Australia’s affordable housing crisis is getting even worse

By Joe Montero

House prices and rents continue to spiral up, wages are still being held down, and income has  been cut for those out of work. In short, many Australians  continue to become poorer.

A consequence is that the ability to secure a proper home is being undermined.

Medium house rents are now $18 higher than they were q year ago. This may no seem much. But when rents have already through the roof, and other costs of living ate rising with it, the increase translates into less spent on, food and other necessities.

An elephant in the room is that many households and individuals are surviving by going further into debt, when it is already at an unsustainable level.

Statistics don’t tell the story of the human cost and Covid-19 have taken the housing and debt crisis off the national spotlight. The crisis is still here with us.

Rents are going up because the price of real estate is going up and there is not enough affordable housing stock available. Any answer, therefore, needs both to be taken on.

The only reprieve is a small fall in housing prices and rents in Melbourne and Sydney, attributed to a decline in population increase and the absence of overseas students since the pandemic. This does not change the overall picture.

It cannot last. House prices and rents are continuing to be pulled up artificially because the taxpayer is funding property owners through generous capital gains tax exemptions, negative gearing provisions, and the shortage  of government provided stock. There is also a near zero rate of interests to encourage more borrowing.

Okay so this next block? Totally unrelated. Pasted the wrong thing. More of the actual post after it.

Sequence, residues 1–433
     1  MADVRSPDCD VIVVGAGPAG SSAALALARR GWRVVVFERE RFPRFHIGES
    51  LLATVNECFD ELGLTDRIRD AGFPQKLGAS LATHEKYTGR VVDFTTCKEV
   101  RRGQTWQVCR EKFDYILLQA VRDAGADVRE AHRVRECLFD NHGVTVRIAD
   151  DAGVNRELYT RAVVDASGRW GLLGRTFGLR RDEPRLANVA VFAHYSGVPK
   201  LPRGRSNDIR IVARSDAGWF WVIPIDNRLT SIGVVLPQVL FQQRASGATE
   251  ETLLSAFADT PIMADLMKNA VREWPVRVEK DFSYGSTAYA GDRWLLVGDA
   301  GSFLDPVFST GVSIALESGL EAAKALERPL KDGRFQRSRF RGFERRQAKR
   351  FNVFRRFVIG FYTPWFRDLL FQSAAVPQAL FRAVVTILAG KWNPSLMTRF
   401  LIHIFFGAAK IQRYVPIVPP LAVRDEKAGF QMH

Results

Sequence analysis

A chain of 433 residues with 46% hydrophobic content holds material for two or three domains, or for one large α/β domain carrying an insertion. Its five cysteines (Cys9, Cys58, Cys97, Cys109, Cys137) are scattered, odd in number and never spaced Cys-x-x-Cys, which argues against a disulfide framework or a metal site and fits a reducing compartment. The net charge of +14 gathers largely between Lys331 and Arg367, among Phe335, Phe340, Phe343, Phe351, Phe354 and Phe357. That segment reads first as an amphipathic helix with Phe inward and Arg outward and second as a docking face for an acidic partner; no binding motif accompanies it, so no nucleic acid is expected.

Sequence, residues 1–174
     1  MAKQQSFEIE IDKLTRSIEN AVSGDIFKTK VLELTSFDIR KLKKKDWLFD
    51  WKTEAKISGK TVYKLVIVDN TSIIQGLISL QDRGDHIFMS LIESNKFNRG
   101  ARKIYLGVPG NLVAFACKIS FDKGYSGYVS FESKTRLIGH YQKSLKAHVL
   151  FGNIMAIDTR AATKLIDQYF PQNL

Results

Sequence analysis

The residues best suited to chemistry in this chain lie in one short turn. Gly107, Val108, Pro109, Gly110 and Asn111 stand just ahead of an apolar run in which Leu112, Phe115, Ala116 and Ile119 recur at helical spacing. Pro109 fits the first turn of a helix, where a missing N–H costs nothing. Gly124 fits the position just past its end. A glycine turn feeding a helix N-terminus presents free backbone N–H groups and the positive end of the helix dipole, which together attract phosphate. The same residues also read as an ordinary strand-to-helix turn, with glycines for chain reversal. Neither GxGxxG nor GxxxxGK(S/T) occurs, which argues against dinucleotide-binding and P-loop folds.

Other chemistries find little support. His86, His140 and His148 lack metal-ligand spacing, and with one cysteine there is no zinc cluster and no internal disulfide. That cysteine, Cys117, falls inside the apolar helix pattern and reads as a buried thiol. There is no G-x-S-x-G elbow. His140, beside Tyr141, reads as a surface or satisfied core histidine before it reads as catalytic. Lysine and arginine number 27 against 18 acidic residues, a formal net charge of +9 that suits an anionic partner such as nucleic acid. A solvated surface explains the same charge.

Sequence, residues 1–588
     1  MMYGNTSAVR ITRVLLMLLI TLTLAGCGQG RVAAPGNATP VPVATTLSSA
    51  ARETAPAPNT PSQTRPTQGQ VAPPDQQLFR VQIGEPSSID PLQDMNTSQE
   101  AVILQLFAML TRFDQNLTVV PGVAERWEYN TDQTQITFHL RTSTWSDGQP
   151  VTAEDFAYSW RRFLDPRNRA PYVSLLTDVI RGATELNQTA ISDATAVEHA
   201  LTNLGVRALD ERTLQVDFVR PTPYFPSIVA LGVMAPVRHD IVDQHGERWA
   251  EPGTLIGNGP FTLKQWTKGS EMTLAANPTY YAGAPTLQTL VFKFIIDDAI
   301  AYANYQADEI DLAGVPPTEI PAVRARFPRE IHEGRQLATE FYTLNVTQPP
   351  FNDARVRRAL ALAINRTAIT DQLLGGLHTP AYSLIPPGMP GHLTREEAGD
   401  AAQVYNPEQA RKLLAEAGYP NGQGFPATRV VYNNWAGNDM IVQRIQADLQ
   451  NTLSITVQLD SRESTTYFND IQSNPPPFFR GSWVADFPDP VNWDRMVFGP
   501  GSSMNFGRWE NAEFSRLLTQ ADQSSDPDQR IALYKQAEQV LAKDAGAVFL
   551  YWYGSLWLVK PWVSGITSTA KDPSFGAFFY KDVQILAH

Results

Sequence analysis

The impact of these artificial measures is being heightened by the poor state of the economy, where investment in real estate has cushioned investors against loss in other areas. For the economy, the problem is that the rising cost of housing in being financed through debt, and  this cannot go on for ever.

There is an answer. But only if attention is turned to  properly removing the props. Capital gains provisions must be means tested and pulled  down. Negative gearing must be scaled down and eliminated. Government must adopt an ambitious plan to boost low rent public housing stock and non-private social housing.

Housing would be made more affordable. A greater proportion of income would be available for spending on other needs. The pressure to increase debt would lessen. These changes would be good for people and the economy.

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